What is an Aortic Aneurysm?
November 5, 2020
When patients hear they have an aortic aneurysm, they can become confused or even scared by this diagnosis. It is important they understand what an aortic aneurysm is and what treatment options are available.
An aortic aneurysm is a localized enlargement in any part of the largest artery in the body. As the aneurysm grows, the wall becomes weaker and may ultimately require surgical treatment to prevent rupture. Surgery for aortic aneurysms has rapidly evolved over the past three decades, primarily because of the revolutionary introduction of minimally invasive endovascular, or catheter-based, interventions.
Endovascular aneurysm repair (EVAR) and thoracic endovascular aortic repair (TEVAR), which were introduced in the 1990s, changed how the majority of aneurysms are treated by offering definitive treatment using a small puncture site in each groin rather than a traditional open surgery which requires a long abdominal incision. This allows most patients to be discharged home the day after surgery.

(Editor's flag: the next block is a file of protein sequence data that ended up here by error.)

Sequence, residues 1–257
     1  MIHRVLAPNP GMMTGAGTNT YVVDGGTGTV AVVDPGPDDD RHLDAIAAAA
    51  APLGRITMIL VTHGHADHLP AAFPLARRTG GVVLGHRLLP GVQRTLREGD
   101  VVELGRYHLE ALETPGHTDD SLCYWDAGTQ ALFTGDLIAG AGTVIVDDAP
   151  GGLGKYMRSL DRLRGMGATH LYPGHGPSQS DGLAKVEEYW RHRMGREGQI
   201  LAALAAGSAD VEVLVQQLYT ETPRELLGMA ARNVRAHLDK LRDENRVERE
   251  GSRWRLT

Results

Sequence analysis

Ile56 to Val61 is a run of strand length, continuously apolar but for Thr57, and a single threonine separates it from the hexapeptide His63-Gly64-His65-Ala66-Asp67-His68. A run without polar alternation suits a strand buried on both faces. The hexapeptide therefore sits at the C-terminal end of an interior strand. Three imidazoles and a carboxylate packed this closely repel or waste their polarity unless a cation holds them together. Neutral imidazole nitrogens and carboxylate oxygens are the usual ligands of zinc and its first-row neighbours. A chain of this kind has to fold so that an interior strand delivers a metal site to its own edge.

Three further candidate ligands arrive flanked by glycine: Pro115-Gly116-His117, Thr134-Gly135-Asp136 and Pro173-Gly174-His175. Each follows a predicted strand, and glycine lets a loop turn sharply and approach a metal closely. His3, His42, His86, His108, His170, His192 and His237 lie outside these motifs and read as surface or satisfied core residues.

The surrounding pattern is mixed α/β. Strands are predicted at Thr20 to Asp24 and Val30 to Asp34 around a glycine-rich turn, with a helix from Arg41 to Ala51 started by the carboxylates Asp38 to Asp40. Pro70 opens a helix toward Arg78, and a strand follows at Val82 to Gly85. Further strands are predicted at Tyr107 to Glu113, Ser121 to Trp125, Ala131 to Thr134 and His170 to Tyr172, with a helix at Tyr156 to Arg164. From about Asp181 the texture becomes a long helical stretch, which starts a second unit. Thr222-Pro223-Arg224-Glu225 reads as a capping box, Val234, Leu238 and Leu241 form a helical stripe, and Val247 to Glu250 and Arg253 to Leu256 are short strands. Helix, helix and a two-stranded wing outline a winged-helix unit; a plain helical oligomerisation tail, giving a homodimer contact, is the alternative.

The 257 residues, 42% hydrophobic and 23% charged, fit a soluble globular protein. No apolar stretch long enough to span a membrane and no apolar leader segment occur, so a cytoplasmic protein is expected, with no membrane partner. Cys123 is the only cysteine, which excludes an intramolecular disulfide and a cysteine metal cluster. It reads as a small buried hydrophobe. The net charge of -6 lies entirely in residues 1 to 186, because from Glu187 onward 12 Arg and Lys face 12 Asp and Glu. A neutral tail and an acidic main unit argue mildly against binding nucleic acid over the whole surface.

As the technology has advanced, increasingly complex aneurysms can now be treated by endovascular means using branched and fenestrated endografts. However, there remains a role for open surgery in young patients or those with complex aneurysms not amenable to endovascular repair. Some vascular conditions can also be treated using both open and endovascular techniques, also known as the hybrid approach.
Fortunately, the Central Valley has all the resources necessary to treat complex aortic disease. The vascular surgeons at Valley Vascular Surgery Associates can tailor the appropriate treatment of aortic aneurysms, whether open, endovascular, or hybrid, to each patient using the most cutting-edge technology.
About the Author: Sammy Siada, DO, is a vascular surgery expert who provides services at Valley Vascular Surgery Associates. Dr. Siada holds a faculty appointment with University of California, San Francisco in the UCSF Fresno Department of Surgery.
For more information about Dr. Siada and Valley Vascular Surgery Associates, please click here.